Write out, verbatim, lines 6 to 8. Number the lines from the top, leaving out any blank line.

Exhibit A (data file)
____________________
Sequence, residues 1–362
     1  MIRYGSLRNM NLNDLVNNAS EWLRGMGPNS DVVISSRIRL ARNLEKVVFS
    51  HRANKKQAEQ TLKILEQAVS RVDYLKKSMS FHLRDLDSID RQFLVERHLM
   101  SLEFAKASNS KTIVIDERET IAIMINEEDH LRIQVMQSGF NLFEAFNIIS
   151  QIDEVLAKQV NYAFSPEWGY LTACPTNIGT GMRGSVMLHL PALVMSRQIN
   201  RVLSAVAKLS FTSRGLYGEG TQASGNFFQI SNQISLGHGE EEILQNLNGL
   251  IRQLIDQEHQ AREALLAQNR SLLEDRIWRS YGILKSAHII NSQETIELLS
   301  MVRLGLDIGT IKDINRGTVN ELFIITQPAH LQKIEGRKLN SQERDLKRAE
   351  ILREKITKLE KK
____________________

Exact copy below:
   201  RVLSAVAKLS FTSRGLYGEG TQASGNFFQI SNQISLGHGE EEILQNLNGL
   251  IRQLIDQEHQ AREALLAQNR SLLEDRIWRS YGILKSAHII NSQETIELLS
   301  MVRLGLDIGT IKDINRGTVN ELFIITQPAH LQKIEGRKLN SQERDLKRAE